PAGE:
If you want to list volume's snapshots or retrieve some stats, you will have to use Restic and Bivac provides a good abstraction to do it.

Let's say you have volume called canary and you want to list the associate snapshots, then you'll simply run:

$ bivac restic --volume canary snapshots

ID Time Host Tags Paths

-------------------------------------------------------------------------------------------

9d22678e 2019-01-13 03:35:01 canary /mnt/geoserver_geodata

-------------------------------------------------------------------------------------------

1 snapshots

In case, you'd like to run a more complex command, you must use -- as follow:

$ bivac restic --volume canary -- forget --prune --keep-daily 15

Troubleshooting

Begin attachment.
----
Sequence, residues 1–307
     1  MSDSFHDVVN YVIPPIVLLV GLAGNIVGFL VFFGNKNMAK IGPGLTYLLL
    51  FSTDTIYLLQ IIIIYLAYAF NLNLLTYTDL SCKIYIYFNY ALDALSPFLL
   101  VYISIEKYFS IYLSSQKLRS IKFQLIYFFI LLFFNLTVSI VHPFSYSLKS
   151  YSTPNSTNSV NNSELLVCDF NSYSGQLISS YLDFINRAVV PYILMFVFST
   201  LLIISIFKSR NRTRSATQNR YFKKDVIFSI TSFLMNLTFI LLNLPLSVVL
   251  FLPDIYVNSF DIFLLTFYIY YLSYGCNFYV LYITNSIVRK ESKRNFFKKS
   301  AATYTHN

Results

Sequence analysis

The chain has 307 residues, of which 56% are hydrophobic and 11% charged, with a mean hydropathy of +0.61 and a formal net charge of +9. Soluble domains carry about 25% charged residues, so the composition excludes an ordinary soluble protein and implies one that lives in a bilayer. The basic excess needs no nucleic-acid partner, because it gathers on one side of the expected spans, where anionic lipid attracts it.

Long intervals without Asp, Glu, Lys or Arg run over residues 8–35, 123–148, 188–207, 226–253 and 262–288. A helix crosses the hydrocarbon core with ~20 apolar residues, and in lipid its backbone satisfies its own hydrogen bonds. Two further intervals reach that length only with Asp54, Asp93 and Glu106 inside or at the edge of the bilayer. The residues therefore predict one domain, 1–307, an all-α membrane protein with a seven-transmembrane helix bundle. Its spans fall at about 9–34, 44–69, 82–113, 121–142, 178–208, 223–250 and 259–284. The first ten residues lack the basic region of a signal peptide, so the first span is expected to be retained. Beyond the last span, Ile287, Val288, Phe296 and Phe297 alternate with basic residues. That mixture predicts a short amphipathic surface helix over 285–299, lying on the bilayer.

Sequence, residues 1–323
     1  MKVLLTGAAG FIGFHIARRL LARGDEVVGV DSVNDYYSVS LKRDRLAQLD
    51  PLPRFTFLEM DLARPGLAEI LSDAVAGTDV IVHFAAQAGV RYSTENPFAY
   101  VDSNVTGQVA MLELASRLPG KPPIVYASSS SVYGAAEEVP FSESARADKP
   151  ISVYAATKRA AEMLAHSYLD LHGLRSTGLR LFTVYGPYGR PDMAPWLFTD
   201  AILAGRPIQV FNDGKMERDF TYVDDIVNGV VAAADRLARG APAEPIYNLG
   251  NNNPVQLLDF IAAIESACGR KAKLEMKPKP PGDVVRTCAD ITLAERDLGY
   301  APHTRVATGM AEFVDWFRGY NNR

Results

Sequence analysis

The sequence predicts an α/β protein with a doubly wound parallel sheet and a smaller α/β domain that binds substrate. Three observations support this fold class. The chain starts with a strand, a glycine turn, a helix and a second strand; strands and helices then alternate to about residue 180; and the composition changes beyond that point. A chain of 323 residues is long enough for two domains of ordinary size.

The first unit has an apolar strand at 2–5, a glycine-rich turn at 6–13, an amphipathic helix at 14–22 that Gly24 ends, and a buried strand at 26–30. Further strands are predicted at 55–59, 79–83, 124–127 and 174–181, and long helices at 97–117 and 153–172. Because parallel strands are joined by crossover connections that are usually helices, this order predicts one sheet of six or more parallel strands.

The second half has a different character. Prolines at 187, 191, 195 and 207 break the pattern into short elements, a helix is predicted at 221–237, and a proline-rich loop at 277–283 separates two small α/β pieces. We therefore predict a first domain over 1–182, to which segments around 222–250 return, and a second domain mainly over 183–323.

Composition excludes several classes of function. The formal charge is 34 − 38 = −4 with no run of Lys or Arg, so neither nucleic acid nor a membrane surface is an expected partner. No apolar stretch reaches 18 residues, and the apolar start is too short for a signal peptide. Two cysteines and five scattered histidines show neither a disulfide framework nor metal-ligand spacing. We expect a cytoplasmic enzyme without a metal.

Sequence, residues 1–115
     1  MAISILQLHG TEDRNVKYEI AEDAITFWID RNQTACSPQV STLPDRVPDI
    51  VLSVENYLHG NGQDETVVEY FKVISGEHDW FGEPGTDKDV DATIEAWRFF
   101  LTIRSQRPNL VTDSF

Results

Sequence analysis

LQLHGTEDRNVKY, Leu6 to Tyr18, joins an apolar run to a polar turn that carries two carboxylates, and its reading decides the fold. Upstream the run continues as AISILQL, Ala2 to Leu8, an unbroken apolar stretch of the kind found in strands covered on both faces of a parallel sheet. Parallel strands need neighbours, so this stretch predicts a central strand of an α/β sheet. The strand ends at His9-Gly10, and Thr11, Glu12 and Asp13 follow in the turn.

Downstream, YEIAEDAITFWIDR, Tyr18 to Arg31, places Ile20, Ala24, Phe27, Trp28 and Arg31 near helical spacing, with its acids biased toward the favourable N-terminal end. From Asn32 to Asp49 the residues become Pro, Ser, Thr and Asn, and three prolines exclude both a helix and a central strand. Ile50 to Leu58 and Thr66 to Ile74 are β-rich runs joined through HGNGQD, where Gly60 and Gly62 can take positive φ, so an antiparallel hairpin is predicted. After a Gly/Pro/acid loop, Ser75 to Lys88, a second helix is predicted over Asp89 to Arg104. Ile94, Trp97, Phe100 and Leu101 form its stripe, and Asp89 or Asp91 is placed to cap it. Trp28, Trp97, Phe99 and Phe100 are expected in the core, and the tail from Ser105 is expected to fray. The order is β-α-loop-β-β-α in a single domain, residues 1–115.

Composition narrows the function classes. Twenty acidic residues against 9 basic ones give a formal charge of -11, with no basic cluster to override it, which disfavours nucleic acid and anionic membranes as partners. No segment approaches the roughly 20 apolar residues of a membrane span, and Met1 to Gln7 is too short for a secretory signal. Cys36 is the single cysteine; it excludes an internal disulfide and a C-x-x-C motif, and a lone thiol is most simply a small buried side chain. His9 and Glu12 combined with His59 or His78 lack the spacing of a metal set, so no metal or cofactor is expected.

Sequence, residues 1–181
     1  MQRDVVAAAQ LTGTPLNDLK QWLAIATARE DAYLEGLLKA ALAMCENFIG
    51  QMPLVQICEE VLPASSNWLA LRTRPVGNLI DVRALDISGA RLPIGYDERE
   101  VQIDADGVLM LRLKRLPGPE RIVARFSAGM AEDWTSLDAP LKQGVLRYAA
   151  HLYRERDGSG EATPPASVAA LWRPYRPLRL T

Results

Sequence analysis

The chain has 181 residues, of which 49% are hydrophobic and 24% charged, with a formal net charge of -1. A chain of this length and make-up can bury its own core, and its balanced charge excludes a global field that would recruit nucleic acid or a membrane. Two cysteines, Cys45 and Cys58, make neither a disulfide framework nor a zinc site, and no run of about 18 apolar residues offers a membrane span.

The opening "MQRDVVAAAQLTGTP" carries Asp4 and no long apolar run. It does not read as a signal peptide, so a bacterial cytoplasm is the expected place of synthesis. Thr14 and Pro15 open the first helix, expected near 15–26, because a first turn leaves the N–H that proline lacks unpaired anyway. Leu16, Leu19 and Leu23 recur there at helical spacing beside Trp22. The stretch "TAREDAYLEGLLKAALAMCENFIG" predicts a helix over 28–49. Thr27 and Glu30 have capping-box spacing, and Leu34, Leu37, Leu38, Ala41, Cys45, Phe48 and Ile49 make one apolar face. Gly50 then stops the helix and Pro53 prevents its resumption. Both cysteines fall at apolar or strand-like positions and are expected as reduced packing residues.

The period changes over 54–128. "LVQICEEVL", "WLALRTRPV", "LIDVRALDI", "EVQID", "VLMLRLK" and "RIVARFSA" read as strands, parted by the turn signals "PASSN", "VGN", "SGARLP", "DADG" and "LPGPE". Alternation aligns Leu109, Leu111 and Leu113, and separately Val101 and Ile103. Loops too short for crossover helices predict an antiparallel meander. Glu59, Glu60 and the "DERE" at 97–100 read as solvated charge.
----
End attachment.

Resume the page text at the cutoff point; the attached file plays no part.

My backup failed because the remote repository is locked.

The first thing to do is to check the date and the user who created the lock. From these informations, you should be able to determine if the lock is "legit" (a backup is running) or if it's a remnant of a forgotten backup. If you think it's safe to remove it, then you can run:

$ bivac backup [VOLUME_ID] --force

With the option --force, Bivac will unlock the Restic repository before doing a backup.

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Pages 5

Overview

Installation

Docker

Rancher (Cattle)

Kubernetes

Usage

Backup a volume

Restore a volume

Manage a remote Restic repository

Troubleshooting

Providers

Monitoring

API

Clone this wiki locally

Going further

More features are available, such as the ability to manage a remote Restic repository. See the documentation for more information.
 

Conclusion

Bivac allows to easily backup data, monitor their status and restore them, whether you are using raw Docker, Rancher volumes or Kubernetes.

Contact us for more information!